Forensic examination requires certified and well-equipped labs. There are at present 7 Central Forensic Science Laboratories (CFSL) and 28 State Forensic Science Laboratories (SFSL).3 The Central laboratories are well equipped with sophisticated equipments but that is not the case with State laboratories. The State labs, just like the Central labs, are already overburdened with backlogs. Statistics show that 7135 cases were sent to Delhi State Forensic Laboratory between the year 2006 to 2018 and all of them are pending.4 In Delhi 9000 DNA analysis cases were pending in the year 2017, whereas in Mumbai 1700 DNA cases were pending in 2017.5 The same is the case with almost all CFSL and SFSL, which lack trained personnel, staff, and also have poor infrastructure which do not cater to the growing influx of cases each year. There are also a number of mini labs and private labs which cater to a small percentage of examination of evidence. State Government agencies have started outsourcing forensic examinations to private mini labs. This raises further concerns with regards to the cost of examination in private labs. The question is who shall bear the rising cost of forensic examination? Is it the victims or the State? According to the latest National Crime Records Bureau (NCRB) estimates, the number of reported crimes incidences in India in 2021 was 36.28 lakhs of which a major chunk of cases related to murder, crimes against women and children, kidnapping and abduction, robbery.6 All these cases, as per the new mandate of Home Ministry would require mandatory forensic testing and examination. The question then arises is whether 35 labs, with shoddy infrastructure, will be able to bear the burden of new influx of cases? Should the State Governments outsource the testing and examination to private labs? Rather than looking to outsource forensic examination and incur huge costs, the States must invest in building infrastructure and improving the capacity of trained personnel and staff within the forensic science laboratories (FSLs).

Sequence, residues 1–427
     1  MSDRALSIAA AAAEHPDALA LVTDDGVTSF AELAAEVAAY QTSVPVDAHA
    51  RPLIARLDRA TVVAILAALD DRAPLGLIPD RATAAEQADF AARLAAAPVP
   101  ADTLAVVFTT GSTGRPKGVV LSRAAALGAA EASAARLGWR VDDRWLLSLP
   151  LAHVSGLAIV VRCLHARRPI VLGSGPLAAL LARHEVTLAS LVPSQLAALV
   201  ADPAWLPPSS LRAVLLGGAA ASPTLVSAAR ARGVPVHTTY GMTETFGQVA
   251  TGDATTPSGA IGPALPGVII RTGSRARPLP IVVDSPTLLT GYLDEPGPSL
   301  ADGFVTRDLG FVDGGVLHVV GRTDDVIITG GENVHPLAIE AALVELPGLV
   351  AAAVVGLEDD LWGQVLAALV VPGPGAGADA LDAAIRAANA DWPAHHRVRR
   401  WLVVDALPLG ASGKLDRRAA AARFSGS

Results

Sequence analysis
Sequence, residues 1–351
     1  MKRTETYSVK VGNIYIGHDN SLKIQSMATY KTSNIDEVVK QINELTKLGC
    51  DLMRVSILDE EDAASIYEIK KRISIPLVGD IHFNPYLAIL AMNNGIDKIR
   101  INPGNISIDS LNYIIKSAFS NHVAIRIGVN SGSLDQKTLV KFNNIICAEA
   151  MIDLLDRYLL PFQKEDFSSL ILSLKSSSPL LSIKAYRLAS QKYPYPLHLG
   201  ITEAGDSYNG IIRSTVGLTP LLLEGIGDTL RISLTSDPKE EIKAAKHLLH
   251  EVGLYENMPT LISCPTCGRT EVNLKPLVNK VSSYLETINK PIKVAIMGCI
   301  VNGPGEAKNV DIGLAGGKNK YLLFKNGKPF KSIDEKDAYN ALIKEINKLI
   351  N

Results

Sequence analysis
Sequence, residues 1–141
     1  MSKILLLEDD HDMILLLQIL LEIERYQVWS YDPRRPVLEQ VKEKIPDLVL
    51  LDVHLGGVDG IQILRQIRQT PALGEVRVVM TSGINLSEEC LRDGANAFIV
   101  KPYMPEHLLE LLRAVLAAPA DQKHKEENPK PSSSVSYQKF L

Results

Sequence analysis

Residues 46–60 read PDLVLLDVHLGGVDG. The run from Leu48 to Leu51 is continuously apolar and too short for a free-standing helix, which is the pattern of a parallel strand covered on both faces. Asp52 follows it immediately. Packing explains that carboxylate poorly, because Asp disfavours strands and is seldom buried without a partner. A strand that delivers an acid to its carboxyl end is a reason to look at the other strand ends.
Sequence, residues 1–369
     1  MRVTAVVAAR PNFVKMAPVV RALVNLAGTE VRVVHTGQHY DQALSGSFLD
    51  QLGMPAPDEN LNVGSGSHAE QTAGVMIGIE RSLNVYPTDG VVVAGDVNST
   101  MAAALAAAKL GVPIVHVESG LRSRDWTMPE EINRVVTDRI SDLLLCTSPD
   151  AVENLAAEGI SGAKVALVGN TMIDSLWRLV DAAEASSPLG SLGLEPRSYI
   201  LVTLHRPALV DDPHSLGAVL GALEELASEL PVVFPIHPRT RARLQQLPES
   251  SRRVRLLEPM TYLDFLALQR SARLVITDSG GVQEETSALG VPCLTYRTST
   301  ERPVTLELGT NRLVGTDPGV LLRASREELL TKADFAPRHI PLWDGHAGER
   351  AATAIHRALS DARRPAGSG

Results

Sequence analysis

Another area of concern is the working of the investigating officer (IO), they are the first responders of the crime and are the first to arrive at the crime scene. It is incumbent upon them to handle the crime scene with utmost sophistication and scientific expertise. These IOs are ill-equipped both in terms of scientific equipments and lack requisite training in collecting and preserving evidence from the crime scene. As the first responders of crime, these IOs must be informed as to what evidence must necessarily be picked up from a crime scene. For now, there are no guidelines available to the IOs which can guide them as to what are the necessary evidence which must be collected from a crime scene in order to secure successful convictions. In light of lack of recommendatory guidelines for crime scene management, it is mainly done on an ad hoc basis where everything depends on the forensic temper of individual IOs. As has been seen majorly, there are quick arrests but those do not turn out in successful convictions by the court. Thus, it is important for an IO to understand how important crime scene management is and it is incumbent upon the policymakers and academia to ensure that proper crime scene management guidelines are put in place at the earliest.